I love public speaking. It is my primary creative force and a significant part of the work that I bring to the world. But it hasn’t always been that way. There was a time more than a decade ago when speaking in front of large groups of people was paralyzing. However, my work required it of me so I decided to deal with it head on. After hundreds of talks, presentations and workshops with thousands of people I’ve learned that speaking:
1. Is a skill
2. Requires practice (lots of it, I might add)
Public speaking is about changing your audience. That doesn’t mean that you are responsible for that change. Every adult is autonomous and only your audience members can decide for themselves if what you are sharing matters in their lives. You are the guide, and public speaking is the journey. Your role is to show them where they are currently and where you want to take them.
To change your audience you first have to change.
Change what you do with fear. As we know, people fear public speaking more than death. What we actually fear is judgment and reprisal. Evolutionarily, being watched was only one step away from possibly being eaten by a big beast.
I have had a few less than stellar talks in my time. As difficult and unpleasant as these experiences were, I was never once eaten by a beast and I can assure that you won’t be either. On the contrary, these are the experiences that will help you become the speaker you were intended to be. Use your fear as a catalyst to motivate the best in you. My coaching clients often say that fear makes them feel vulnerable. This is the place where great, authentic performances come from if you mobilize that feeling.
Speaking is a conversation. Stop reading from your slides. Whether you take a position, weave a tale or help your audience connect the dots, whatever you do stop relying on slides as your teleprompter. The goal is to connect with your audience, move out from behind the podium and to physically look them in the eye. Yes, it takes a certain amount of fortitude in the beginning, kind of like playing tennis at the net. You will likely experience a unique combination of fear and vulnerability. This is also where you have a great deal of credibility. This is where you can truly connect with your audience.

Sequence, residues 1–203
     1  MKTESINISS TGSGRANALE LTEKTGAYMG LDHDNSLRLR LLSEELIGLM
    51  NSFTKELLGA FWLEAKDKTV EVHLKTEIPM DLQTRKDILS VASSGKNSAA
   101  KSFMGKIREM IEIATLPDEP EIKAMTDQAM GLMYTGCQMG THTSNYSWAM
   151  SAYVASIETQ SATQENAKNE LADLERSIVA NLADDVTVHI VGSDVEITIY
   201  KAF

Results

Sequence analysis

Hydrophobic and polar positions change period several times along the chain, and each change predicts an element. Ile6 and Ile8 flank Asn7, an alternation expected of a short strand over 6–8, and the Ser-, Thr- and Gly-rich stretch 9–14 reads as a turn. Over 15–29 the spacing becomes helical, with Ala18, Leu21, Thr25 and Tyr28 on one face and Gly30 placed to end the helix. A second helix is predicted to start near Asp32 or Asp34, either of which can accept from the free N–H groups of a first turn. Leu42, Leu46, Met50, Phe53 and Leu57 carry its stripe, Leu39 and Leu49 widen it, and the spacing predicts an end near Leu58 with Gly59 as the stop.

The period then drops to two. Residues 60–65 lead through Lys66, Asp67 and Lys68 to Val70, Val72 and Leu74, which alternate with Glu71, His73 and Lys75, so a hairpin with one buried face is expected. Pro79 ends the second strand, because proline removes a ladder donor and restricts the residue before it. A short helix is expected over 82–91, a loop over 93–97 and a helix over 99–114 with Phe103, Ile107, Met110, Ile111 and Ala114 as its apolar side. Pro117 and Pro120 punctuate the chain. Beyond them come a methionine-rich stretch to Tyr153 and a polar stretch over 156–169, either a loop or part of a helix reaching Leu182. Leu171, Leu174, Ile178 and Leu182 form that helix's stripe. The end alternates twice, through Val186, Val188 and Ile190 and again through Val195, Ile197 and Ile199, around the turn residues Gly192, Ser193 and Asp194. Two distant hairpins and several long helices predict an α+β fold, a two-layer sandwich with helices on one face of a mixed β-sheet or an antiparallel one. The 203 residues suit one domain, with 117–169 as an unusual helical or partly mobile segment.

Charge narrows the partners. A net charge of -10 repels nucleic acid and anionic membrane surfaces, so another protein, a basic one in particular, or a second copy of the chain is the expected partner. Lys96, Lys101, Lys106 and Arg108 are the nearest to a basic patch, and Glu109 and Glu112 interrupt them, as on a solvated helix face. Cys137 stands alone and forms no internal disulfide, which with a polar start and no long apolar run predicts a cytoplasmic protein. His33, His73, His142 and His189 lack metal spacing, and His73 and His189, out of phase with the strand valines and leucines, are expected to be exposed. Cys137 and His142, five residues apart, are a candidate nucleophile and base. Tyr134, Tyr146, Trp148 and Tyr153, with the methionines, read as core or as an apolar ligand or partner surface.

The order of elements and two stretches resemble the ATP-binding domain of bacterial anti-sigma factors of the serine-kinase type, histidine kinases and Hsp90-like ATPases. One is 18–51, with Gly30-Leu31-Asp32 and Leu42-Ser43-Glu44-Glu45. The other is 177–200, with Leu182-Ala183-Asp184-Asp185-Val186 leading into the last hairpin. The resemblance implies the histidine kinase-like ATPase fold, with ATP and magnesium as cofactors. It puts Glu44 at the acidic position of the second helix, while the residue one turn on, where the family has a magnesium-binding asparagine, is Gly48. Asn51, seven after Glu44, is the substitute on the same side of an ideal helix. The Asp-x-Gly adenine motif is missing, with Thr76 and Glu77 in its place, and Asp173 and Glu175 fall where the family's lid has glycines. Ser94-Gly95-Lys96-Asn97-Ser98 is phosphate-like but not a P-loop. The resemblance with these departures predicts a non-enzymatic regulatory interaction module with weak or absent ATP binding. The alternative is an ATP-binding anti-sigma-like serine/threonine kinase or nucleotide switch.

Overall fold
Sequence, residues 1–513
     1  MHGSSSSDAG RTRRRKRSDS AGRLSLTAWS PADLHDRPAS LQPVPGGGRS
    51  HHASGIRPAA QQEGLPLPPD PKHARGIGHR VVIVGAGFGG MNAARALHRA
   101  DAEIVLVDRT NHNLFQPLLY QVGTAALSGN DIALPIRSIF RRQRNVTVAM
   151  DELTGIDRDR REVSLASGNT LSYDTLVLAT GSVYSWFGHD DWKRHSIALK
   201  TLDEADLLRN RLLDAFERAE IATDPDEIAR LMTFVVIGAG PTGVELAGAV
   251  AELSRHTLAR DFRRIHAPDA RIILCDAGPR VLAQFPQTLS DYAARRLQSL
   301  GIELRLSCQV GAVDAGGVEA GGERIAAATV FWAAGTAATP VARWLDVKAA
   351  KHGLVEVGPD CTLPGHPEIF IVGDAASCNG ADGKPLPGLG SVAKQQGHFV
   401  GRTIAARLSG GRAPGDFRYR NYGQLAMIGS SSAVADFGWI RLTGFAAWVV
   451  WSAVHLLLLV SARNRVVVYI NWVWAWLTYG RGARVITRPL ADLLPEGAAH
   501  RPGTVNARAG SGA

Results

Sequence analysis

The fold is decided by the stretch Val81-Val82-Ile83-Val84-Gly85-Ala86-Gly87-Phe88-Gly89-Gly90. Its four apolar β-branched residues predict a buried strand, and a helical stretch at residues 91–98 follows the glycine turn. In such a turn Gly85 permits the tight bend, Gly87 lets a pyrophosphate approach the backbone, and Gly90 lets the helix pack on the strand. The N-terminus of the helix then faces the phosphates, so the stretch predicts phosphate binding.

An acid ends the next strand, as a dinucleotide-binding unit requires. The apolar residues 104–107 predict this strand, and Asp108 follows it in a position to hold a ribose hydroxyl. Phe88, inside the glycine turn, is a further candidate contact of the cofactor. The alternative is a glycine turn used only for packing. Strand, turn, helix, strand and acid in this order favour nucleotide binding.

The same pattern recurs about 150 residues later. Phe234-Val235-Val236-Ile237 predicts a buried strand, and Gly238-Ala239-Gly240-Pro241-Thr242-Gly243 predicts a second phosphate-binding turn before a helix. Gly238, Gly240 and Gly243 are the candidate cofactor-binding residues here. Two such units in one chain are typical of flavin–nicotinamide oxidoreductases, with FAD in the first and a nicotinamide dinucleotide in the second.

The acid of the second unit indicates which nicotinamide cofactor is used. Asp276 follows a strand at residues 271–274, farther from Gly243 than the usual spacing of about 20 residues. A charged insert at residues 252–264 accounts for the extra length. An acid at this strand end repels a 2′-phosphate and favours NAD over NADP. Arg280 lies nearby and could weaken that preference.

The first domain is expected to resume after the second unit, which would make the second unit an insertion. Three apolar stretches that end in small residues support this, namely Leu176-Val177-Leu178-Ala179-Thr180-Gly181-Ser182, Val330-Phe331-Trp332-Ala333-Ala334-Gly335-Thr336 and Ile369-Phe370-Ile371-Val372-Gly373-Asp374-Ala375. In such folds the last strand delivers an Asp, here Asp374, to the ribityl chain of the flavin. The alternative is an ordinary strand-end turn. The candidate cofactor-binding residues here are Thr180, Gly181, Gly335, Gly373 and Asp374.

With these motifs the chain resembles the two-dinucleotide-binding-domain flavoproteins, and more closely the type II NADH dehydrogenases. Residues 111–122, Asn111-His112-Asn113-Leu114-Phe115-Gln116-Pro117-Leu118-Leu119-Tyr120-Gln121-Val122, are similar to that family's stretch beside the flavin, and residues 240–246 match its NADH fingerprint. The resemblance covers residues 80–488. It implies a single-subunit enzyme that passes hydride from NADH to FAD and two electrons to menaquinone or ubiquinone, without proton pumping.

Stepping away from your slides will require that you know your material deeply. But when you flex these muscles and your audience responds with delight, I promise you will never go back to the old ways of presenting.
Start in analog. I learned this from the best, including Garr Reynolds (http://www.garrreynolds.com/), Nancy Duarte (http://www.duarte.com) and Cliff Atkinson (http://beyondbulletpoints.com/). Start to create an outline for your presentation/talk with a blank wall or flip chart paper, sticky notes and a marker. Write a single idea – it could be a few words or an image – on a sticky note and post each sticky note on the wall. You will start to see a flow and patterns will emerge. Your core message will become evident. This will spark more ideas for your presentation (and other presentations as well). Rearrange the sticky notes until you feel your message is about seventy percent complete. Only then would I recommend you go to PowerPoint or Keynote, if you choose to at all.
Think like a designer. Start with a blank presentation. Avoid the following at all cost: templates, bullet points, chunky word slides and fancy animation. Why? Because these methods detract from your message by confusing your audience. Instead, use powerful images and as few words per slide as you can possibly muster. Distill your thoughts down to their essence. This is how the brain takes in and retains information. Invest your time and money in high-quality visuals from Istock (http://www.istockphoto.com), or Big Stock (http://www.bigstockphoto.com), I frequently find images for my presentations on Flikr (http://www.flickr.com/) under the Creative Commons license (http://creativecommons.org/).
Less is more. Budding speakers have the tendency to want to share everything they know. The sentiment is noble but misguided. The fire-hose approach to spraying information out at your audience will cause them to become overwhelmed and disengage. Ultimately, they leave your talk having learned nothing, and in my mind that is a terrible waste of an opportunity as well as a precious waste of everyone’s time.